Format

Send to

Choose Destination
Sci Rep. 2017 May 3;7(1):1388. doi: 10.1038/s41598-017-01410-2.

Identification of a High-Affinity Pyruvate Receptor in Escherichia coli.

Author information

1
Munich Center for Integrated Protein Science (CIPSM) at the Department of Microbiology, Ludwig-Maximilians-Universität München, 82152, Martinsried, Germany.
2
Helmholtz Zentrum München, Deutsches Forschungszentrum für Gesundheit und Umwelt (GmbH), Research Unit Analytical BioGeoChemistry, 85764, Neuherberg, Germany.
3
Departments of Pharmacology, Vanderbilt University Medical Center, Nashville, TN 37232, USA.
4
Departments of Pathology, Microbiology & Immunology, Vanderbilt University Medical Center, Nashville, TN 37232, USA.
5
Departments of Urologic Surgery, Vanderbilt University Medical Center, Nashville, TN 37232, USA.
6
Munich Center for Integrated Protein Science (CIPSM) at the Department of Microbiology, Ludwig-Maximilians-Universität München, 82152, Martinsried, Germany. jung@lmu.de.

Abstract

Two-component systems are crucial for signal perception and modulation of bacterial behavior. Nevertheless, to date, very few ligands have been identified that directly interact with histidine kinases. The histidine kinase/response regulator system YehU/YehT of Escherichia coli is part of a nutrient-sensing network. Here we demonstrate that this system senses the onset of nutrient limitation in amino acid rich media and responds to extracellular pyruvate. Binding of radiolabeled pyruvate was found for full-length YehU in right-side-out membrane vesicles as well as for a truncated, membrane-integrated variant, confirming that YehU is a high-affinity receptor for extracellular pyruvate. Therefore we propose to rename YehU/YehT as BtsS/BtsR, after "Brenztraubensäure", the name given to pyruvic acid when it was first synthesized. The function of BtsS/BtsR was also assessed in a clinically relevant uropathogenic E. coli strain. Quantitative transcriptional analysis revealed BtsS/BtsR importance during acute and chronic urinary-tract infections.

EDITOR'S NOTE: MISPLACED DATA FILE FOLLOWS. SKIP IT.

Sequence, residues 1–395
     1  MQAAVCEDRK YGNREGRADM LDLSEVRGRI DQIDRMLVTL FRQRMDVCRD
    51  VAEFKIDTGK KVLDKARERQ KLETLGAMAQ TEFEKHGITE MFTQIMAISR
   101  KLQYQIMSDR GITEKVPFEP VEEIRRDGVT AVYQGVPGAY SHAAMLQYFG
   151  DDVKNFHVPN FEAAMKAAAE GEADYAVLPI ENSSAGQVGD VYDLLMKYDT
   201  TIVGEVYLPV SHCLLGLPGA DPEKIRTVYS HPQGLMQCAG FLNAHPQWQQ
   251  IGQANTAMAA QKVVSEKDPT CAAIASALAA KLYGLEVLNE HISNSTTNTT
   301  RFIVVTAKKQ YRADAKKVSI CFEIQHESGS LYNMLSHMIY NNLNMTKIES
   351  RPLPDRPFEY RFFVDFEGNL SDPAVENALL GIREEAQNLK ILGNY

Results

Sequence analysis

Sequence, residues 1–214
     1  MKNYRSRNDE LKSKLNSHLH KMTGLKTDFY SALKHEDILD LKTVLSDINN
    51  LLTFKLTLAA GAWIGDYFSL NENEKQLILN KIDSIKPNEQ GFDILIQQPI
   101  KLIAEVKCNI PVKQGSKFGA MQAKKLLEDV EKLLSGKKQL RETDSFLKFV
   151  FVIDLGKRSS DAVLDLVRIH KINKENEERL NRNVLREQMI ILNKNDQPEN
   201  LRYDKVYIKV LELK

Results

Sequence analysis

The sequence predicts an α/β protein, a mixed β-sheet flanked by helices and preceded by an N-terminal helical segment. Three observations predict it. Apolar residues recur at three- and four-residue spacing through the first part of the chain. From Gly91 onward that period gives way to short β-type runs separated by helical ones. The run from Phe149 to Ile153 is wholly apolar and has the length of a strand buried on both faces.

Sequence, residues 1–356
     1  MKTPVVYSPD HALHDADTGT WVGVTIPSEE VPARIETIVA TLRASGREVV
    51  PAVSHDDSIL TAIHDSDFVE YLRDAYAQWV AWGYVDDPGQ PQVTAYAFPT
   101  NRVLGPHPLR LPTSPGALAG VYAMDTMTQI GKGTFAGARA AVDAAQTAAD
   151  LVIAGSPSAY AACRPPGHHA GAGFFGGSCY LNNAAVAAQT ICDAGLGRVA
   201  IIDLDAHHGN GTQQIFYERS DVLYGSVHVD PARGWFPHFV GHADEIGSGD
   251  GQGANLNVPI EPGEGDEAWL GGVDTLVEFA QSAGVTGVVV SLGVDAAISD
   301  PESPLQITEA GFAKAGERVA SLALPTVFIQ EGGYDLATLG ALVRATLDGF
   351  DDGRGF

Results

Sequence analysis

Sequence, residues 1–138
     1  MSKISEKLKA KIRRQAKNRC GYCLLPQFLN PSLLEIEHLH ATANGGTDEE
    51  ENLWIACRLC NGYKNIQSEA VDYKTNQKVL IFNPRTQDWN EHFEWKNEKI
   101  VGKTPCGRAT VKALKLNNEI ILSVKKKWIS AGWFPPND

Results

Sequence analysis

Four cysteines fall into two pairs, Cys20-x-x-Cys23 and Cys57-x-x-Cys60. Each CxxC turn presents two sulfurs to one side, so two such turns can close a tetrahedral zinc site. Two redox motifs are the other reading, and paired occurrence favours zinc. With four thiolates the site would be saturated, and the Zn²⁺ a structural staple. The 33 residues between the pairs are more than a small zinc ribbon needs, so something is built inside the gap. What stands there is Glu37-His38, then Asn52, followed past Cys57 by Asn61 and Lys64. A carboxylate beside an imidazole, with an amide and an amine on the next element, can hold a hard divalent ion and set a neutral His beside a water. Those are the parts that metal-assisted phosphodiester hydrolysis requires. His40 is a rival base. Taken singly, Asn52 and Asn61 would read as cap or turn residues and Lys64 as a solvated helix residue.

PMID:
28469239
PMCID:
PMC5431176
DOI:
10.1038/s41598-017-01410-2
[Indexed for MEDLINE]
Free PMC Article

Supplemental Content

Full text links

Icon for Nature Publishing Group Icon for PubMed Central
Loading ...
Support Center